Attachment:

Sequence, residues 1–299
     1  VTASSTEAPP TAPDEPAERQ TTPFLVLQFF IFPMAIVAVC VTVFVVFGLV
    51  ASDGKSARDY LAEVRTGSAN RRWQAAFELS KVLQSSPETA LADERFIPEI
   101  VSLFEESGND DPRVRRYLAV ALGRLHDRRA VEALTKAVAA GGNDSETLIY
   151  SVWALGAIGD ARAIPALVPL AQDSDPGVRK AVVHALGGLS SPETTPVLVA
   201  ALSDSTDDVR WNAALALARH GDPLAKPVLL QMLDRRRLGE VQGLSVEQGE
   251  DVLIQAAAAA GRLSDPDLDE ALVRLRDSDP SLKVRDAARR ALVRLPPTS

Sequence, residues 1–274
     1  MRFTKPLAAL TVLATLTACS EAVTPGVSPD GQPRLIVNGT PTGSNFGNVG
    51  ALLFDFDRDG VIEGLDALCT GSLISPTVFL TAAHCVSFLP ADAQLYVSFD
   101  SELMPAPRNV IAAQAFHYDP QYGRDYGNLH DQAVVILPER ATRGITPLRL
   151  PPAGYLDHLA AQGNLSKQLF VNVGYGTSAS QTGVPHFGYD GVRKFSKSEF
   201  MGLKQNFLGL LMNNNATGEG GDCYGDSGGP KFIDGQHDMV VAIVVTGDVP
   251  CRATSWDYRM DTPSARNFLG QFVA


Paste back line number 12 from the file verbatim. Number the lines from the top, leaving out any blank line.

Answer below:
   151  PPAGYLDHLA AQGNLSKQLF VNVGYGTSAS QTGVPHFGYD GVRKFSKSEF